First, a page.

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Microbial activities for lignin valorization

  • Project Leaders: Bill Mohn, Lindsay Eltis
  • Institutions: University of British Columbia (UBC)
  • Budget: $250000
  • Program/Competition: Sector Innovation Program
  • Genome Centre(s): Genome British Columbia
  • Fiscal Year: 2017
  • Status: Closed

SIP004: Microbial Activities for Lignin Valorization

Cloe-out summary

Pulp and paper industry is under tremendous pressure due to the precipitous decline in demand for traditional products, such as newsprint, and competition for emerging markets. However, new opportunities are also arising with increasing demand for environmentally sustainable bioproducts. These challenges and opportunities can be addressed by next generation biorefineries that convert woody biomass to renewable fuels, biochemicals, and biomaterials. For such biorefineries to succeed economically, it is essential that all major components of the woody biomass, including lignin, be converted to higher value products. Conventional biorefineries, such as pulp and paper mills, currently burn lignin to produce heat and power. One potentially powerful means of valorizing lignin involves harnessing the microorganisms that naturally degrade woody biomass to transform lignin to valuable chemicals, which was the focus of this project.

The project team discovered new microbial enzymes and pathways that degrade lignin and related aromatic compounds. Using methodologies pioneered, in part by previous Genome BC funded research, they mined lignin depolymerization activities from microbial communities in BC’s biomass-containing hot springs. Degradation pathways for lignin depolymerization products were also identified in bacteria from compost and hot springs using various genomic and stable isotopic approaches. Part of the work charactering enzymes involved in the degradation of unique lignin derived compound – alkylguaiacol – was published in the Proceedings of the National Academy of Sciences of the United States of America (PNAS), a highly prestigious journal.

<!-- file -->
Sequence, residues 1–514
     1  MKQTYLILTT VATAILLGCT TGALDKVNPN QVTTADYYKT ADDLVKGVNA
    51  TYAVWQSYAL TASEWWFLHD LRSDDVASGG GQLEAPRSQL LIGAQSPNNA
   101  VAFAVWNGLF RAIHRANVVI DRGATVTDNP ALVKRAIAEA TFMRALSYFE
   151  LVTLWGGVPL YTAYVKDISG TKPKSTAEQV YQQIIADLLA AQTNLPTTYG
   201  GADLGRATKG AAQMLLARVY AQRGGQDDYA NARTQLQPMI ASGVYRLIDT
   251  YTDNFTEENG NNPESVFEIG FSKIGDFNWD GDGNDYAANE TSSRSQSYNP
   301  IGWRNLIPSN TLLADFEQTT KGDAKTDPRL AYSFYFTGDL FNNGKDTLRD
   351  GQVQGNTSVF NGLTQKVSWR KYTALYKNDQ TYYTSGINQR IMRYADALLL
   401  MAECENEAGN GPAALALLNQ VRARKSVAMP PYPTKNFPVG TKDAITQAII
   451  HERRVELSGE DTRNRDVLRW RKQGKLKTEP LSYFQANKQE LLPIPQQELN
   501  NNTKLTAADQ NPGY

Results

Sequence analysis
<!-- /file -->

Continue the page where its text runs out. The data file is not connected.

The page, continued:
Following on, in partnership with a variety of industrial and government partners, including FPInnovations, Fibria, the National Renewable Energy Laboratory (NREL) and AB Enzymes, the team is using the isolated enzymes and pathways to develop bioprocesses to valorize woody biomass; they also plan to commercialize those bioprocesses. The knowledge and innovation emerging from this project will contribute to revitalizing BC’s forest industry, driving its sustainability, growth, productivity, and global competitiveness.